“In the early days driving was physically harder. And when you knew what could happen if you had an accident… there was a lot of pressure on that. But now it’s a completely different pressure.

“Back in the day drivers had to make a lot of decisions themselves but now they have a lot of data to try and understand.

“There’s so much information coming in while they have to drive and talk on the radio. Just the lap to the grid is a lot. The cognitive taxation these days is extremely high. Initially, some young drivers can completely freeze.

“A good example is Fernando [Alonso]. This guy is incredible. He’s from the old school, but he has an incredible capacity. He knows where the other cars are, he knows how long the tyres will last, he knows what everybody’s strategy will be.

“You have to have a three-dimensional understanding of what you are doing. If you have to start thinking, it’s already too late. And this makes the big difference between the best drivers and the others. They make the right decision at the right time, under pressure.

“This this is why they get paid 30 million or more, and others have to pay.”

Josef Leberer, Alfa Romeo Racing Trainer

Photo by: Jerry Andre / Motorsport Images

Josef Leberer, Alfa Romeo Racing Trainer

In such a mentally demanding environment, where driver still put their lives on the line every time they strap in, it is clear mental preparation is everything. That also means taking care of mental health, which was once a taboo but has thankfully become more and more approachable in recent years.

Many current drivers have been refreshingly open about their work with sports psychologists to find peak performance or overcome difficult patches, including the likes of Sergio Perez, Lando Norris, Alex Albon and Pierre Gasly.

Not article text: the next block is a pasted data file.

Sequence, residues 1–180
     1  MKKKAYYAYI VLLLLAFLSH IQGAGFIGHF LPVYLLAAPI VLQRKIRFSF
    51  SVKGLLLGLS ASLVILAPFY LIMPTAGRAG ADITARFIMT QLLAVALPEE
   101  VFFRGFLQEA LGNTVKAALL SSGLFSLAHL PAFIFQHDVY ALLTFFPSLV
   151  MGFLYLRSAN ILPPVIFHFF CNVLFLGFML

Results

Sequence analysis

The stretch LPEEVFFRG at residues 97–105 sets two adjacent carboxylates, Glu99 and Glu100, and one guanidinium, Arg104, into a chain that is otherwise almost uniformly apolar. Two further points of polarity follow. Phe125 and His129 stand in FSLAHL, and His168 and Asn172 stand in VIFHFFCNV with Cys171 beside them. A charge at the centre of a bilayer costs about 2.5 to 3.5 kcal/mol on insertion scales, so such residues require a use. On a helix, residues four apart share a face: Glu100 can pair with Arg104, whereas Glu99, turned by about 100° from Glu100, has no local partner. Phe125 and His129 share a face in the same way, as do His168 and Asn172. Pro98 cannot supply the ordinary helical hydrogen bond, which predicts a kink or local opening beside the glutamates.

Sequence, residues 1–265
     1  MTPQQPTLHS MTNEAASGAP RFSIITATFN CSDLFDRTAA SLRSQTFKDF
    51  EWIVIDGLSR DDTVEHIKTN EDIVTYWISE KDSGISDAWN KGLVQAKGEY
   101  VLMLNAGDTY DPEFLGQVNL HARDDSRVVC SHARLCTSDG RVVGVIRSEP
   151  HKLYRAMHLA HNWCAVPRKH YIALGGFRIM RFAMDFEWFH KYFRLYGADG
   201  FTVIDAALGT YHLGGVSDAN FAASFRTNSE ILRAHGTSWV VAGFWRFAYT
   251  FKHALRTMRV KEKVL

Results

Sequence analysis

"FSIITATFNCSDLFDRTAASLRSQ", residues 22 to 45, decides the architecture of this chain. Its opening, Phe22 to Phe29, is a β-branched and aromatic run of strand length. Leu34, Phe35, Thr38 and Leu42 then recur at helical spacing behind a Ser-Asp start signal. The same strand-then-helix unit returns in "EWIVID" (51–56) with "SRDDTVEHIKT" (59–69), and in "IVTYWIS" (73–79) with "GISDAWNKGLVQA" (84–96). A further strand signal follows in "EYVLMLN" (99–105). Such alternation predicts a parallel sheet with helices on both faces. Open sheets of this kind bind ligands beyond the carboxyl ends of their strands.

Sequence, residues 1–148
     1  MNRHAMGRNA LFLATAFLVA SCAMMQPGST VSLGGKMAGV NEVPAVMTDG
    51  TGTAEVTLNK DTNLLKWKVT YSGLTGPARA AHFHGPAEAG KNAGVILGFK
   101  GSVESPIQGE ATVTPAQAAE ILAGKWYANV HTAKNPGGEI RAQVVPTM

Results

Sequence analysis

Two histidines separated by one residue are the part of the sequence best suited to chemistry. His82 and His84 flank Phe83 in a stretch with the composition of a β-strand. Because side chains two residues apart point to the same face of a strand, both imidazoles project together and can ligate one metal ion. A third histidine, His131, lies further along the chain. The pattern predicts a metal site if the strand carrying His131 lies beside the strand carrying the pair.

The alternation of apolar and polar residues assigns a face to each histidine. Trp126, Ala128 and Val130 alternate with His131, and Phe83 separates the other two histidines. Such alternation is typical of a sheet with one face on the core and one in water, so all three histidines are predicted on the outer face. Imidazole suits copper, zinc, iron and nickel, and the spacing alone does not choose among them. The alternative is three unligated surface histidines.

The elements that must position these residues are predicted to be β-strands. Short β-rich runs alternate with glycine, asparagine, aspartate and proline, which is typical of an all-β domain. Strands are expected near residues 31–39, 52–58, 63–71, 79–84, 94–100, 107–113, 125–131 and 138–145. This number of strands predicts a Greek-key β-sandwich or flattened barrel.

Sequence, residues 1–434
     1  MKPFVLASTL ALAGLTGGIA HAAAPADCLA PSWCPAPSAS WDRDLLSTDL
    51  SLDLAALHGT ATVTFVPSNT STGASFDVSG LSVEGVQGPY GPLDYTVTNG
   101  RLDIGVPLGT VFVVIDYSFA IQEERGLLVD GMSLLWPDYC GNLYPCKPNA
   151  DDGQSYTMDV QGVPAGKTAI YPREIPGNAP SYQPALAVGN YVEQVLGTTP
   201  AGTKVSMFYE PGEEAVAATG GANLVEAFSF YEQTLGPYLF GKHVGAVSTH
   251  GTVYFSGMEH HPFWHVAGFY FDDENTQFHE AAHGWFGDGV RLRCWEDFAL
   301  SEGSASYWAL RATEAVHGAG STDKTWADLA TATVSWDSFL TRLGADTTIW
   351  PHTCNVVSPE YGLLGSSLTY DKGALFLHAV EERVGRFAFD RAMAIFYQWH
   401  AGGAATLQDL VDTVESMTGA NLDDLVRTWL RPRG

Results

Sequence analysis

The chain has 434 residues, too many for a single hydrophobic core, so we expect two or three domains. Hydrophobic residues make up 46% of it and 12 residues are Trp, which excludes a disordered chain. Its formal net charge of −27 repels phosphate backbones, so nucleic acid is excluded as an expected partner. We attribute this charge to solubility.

Leberer applauds that the stigma around mental health issues are starting to disintegrate. But even 35 years ago he was already very focused on the topic, becoming some sort of mental coach by default simply by spending so much time with Senna.

“For us it was nothing new,” he says. “That’s why I was excited and interested in this kind of sport, because the mental side is enormous. When you have to focus on so many things, you have to keep your emotions under control and understand how your autonomic nervous system is working.

“In the early days nobody was keen to show any weakness. They were not eager to talk about it with managers or anybody. But now they understand how important it is to diagnose what the problem is.

“I did not study psychology academically, but I would like to believe that I learned and studied psychology in a real, practical and demonstrable way in training, preparing and looking after multiple F1 drivers of which many of them became world champions. Through 40 years of working with F1 drivers you gain a lot of knowledge and that makes it easier if you have a good relationship with these guys. 

“When you’re working together day and night, you always do a little bit of psychology or mental training even if it’s not an official session.

“Even Senna really understood how important it is to calm down in the evening, to change your thoughts, to try not to let people provoke you and bring down the tension.